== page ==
This is the second of four blogs on Quickbooks’ ability to help you see into the future. In this one, we evaluate Quickbooks’ budget functionality.
|Budget – Income Statement||✔||✔||✔||Monthly income statement for 12 months of fiscal year, from scratch or using last year’s actuals. Can modify line by line; allows conversion to cash basis (i.e. create cash flow forecast). Can be saved for comparison to actuals.|
|Budget – Balance Sheet||✖||✔||✔||Monthly balance sheet for 12 months of fiscal year.|
|All data must be entered manually/ doesn’t link to the income statement budget.|
|Forecast||✖||✖||✔||As per budget, but Forecasts can be saved separately for comparison to Actuals.|
Budget – Income Statement
From the menu, select Company > Planning and Budgeting > Budgets.
- Choose the year, and that you want a profit and loss.
- Decide whether you want to prepare the information by Job, by Class, or (by default) in aggregate.
- Choose “From Scratch”, or from prior year’s actual data (which you can then modify).
Inputting the actual numbers is fairly user-friendly. You cannot specify a formula (for example that Cost of Sales is 65% of Revenues), but you can input one cell value and copy it across the rest of the row – and also have it change by a specified simple or compound percentage each month.
Budget – Balance Sheet
Don’t bother. All the Balance Sheet budget figures are entered manually; the resulting “budget” does not link with any Income Statement budgets, which really defeats the purpose.
Forecast – Income Statement
From the menu, select Company > Planning and Budgeting > Forecasts.
The rest of the process is identical to the one for the Income Statement Budget.
|✔||If you are a job shop, Budgeting by Job (aka Project) is useful, limited only by the number of projects you have (or expect to have) in hand.|
|✔✔||Budgeting by Class is probably more useful across the board: any business with multiple divisions (eg Retail and Commercial) can track performance by division.|
|✔||You can adjust the figures to more closely reflect actual cash flows, for example by removing Depreciation|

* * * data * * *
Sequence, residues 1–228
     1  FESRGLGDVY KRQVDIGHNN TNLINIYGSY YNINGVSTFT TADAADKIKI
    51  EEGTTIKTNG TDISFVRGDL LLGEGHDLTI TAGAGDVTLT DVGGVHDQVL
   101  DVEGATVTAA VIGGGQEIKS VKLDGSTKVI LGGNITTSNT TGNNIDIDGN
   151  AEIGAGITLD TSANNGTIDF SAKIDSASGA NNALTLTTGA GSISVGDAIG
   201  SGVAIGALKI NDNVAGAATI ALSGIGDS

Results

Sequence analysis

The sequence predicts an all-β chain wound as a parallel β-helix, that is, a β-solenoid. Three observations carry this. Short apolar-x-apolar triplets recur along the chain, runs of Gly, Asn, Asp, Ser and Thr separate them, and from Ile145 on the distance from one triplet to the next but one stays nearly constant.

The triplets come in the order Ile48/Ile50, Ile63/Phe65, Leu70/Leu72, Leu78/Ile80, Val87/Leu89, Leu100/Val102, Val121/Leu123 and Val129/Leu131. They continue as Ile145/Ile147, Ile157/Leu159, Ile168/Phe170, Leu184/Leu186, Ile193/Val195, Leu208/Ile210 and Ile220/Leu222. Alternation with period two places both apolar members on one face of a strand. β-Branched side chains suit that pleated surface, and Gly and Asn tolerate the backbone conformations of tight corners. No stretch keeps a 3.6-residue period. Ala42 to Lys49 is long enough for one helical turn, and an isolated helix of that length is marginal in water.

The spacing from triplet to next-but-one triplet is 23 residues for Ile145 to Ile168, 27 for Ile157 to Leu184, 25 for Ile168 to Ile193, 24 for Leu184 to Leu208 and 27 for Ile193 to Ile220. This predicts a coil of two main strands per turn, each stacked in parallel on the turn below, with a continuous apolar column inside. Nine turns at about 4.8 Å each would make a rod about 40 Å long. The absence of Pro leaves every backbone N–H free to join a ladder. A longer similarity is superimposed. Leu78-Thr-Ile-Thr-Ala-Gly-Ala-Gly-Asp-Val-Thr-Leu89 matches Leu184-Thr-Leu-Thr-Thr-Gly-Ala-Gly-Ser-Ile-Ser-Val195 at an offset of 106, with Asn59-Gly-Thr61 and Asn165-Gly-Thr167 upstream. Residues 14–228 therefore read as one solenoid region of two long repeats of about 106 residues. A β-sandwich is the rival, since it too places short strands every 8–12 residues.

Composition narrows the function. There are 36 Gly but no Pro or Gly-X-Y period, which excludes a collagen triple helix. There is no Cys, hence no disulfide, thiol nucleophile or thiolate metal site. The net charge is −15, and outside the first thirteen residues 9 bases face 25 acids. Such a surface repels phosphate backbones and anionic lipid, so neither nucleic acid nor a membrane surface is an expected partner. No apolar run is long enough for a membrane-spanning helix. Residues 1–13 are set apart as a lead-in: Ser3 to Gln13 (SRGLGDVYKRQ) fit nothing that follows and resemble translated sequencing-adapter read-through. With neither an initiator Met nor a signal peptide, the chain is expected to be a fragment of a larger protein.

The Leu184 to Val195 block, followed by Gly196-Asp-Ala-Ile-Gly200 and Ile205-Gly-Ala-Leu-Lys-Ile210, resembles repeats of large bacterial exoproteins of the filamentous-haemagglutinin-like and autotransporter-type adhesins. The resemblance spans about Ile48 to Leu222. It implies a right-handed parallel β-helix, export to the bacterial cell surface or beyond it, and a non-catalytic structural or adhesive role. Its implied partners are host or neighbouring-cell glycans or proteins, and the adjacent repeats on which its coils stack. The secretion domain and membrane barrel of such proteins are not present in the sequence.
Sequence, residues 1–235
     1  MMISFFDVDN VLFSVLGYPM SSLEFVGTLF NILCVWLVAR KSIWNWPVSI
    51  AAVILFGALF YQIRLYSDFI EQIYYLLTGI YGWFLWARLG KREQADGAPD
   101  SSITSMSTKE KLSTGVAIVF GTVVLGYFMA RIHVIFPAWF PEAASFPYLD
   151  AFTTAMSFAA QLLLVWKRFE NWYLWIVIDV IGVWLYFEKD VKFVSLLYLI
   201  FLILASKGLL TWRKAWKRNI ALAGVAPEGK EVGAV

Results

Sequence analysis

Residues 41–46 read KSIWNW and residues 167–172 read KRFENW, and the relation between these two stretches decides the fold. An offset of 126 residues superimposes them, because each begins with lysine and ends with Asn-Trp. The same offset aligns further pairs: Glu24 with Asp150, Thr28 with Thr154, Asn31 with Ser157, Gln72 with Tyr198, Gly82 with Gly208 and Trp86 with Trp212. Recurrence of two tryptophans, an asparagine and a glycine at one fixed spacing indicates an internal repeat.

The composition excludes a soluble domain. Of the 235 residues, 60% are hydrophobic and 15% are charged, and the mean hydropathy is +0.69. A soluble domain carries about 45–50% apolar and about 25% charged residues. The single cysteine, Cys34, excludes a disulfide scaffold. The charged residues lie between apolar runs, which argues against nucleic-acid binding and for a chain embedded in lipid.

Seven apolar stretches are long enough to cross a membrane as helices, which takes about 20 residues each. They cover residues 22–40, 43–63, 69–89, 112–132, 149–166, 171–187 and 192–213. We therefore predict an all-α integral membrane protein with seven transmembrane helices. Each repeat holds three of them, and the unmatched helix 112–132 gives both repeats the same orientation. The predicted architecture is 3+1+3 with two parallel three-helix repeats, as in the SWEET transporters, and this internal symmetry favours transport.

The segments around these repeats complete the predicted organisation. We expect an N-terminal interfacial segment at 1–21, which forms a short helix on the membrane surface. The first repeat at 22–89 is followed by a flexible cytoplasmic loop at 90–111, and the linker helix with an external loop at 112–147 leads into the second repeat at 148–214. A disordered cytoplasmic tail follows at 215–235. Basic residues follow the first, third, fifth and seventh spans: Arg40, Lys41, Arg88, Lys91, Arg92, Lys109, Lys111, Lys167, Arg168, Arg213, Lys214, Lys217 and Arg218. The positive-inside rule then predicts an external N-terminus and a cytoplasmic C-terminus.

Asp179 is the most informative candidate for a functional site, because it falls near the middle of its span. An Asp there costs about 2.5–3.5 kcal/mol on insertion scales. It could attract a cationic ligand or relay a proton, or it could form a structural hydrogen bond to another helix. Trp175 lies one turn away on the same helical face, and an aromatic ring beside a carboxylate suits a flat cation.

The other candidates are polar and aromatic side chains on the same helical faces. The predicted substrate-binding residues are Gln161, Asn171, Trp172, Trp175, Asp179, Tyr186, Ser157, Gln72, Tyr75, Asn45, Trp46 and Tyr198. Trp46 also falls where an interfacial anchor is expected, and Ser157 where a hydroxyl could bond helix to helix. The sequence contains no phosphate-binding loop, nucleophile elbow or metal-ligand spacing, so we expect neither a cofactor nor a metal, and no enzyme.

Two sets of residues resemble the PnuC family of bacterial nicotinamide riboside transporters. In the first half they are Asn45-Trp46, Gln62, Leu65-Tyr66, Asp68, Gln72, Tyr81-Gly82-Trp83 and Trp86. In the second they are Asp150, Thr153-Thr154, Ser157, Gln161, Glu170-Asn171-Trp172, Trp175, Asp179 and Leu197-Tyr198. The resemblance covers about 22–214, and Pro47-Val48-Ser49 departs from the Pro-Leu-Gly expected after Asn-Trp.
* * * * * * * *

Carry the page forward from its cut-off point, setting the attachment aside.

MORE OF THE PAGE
|✔||You can have up to three Budgets for any one year: By Class, By Project, or in aggregate.|
|✖||You can’t annotate/ document your assumptions within the budget.|
|✔||Pro and Premier 2015 and later allow users to comment on the standard reports, so you can provide explanations for variances from budget.|
|✖||Each Budget is limited to a 12-month period, so you can’t build a rolling 12-month Budget. You could build two 12-month forecasts, but the first 12 months’ numbers will not get picked up automatically in the second 12.|
|✖||In the reports, the Net Income figure displays only as “per period” and “total”, not period-to-date.|
|✖||Biggest drawback is that none of the income statement forecasts talk to, or create, a budgeted Balance Sheet.|
Quickbooks’ Budgeting Modules – Overall
Balance Sheet module
Skip it. It requires lots of manual data entry. We don’t think it passes the cost-benefit test.
Income Statement Modules (Budgets and Forecasts):
|It might be for you if:||You’re just getting in to the budgeting process for the first time – it will help you generate a 12-month forecast|
|It might not be for you if:||Your business is fairly complex (more than one division and/or multiple projects, and you want to budget by both);
You realise the need to document your assumptions in the budget;
You’re at the point where you need to integrate your balance sheet;
You’re graduating to rolling 12-month forecasts.
All of that said: relatively inexpensive third-party software exists that talks to Quickbooks, and allows you to create (rolling) budgets and forecasts that integrate the balance sheet and income statement, and allow you to create annotated comparisons to actual results.
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